Nursing

Ask the expert: Helping new RNs overcome stress

Nurse Leader Insider, December 7, 2009

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This week, Patricia A. Duclos-Miller, MS, RN, CNA, BC, discusses stress and the importance of helping new RNs identify and cope with their stress as they make the transition between students and RNs. 

Q: Transitioning from a nursing student to an RN can be stressful. How can I help new RNs identify, cope, and overcome stress?

A: Stress is the number one health problem in America, and job stress is the major culprit. Nursing can be a stressful profession, especially depending on where you work and how you handle stress in your daily life. It is important to remind new RNs to focus on what they can control and how there are many things they can do to improve their environment. When new RNs learn how to manage stress, it allows them to experience life from a more positive perspective.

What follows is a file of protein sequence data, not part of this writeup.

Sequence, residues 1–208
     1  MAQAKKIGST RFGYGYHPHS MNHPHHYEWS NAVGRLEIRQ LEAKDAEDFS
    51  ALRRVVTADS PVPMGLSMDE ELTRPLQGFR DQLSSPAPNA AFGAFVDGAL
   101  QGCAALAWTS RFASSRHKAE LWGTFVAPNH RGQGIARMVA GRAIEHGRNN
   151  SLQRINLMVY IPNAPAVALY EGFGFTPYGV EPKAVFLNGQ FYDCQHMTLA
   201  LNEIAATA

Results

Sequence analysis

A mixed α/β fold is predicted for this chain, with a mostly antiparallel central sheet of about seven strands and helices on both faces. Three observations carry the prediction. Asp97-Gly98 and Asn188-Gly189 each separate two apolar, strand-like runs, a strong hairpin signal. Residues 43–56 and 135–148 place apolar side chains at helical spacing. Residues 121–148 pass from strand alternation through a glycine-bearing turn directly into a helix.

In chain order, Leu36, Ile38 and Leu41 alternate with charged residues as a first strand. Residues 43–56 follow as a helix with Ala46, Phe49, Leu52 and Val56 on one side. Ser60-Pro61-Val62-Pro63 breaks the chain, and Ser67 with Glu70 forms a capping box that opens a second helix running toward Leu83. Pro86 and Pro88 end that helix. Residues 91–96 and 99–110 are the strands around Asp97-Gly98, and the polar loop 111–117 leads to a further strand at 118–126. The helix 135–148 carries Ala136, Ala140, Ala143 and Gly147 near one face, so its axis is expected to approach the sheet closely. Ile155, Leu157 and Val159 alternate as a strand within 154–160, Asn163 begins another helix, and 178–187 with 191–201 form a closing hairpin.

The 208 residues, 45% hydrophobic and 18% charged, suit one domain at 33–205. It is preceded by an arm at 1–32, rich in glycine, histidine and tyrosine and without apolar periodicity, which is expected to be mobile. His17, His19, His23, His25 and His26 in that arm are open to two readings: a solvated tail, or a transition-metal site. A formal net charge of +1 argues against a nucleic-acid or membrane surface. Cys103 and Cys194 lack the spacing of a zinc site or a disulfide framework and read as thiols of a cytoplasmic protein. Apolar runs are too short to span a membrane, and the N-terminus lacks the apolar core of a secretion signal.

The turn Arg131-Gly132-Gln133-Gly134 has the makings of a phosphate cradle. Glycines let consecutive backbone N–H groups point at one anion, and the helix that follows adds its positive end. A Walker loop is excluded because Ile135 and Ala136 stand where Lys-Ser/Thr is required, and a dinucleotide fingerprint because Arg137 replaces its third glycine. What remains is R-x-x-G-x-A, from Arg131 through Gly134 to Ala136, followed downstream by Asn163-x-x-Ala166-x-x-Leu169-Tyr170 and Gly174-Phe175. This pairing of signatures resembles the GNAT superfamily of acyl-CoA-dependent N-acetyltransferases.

By identifying where the stress originates from, new RNs will be able to better control the pressures surrounding them. The four most common types of stress are:

Personal: Comes from your personal life and includes your own perception of yourself and relationships.

Physiological: Results from various kinds of stress and how your body responds to the stress.

Social: Related to your perceived appearance in the world.

Environment: Largely unavoidable stress caused by the nature of the world around us.

To read other tips to help new RNs overcome stress, click here.

Editor’s note: Do you have a question for our experts? E-mail your queries to Editorial Assistant Sarah Kearns at skearns@hcpro.com and see your name in print next week! In the meantime, head over to our Web site and view a growing collection of advice from our experts.



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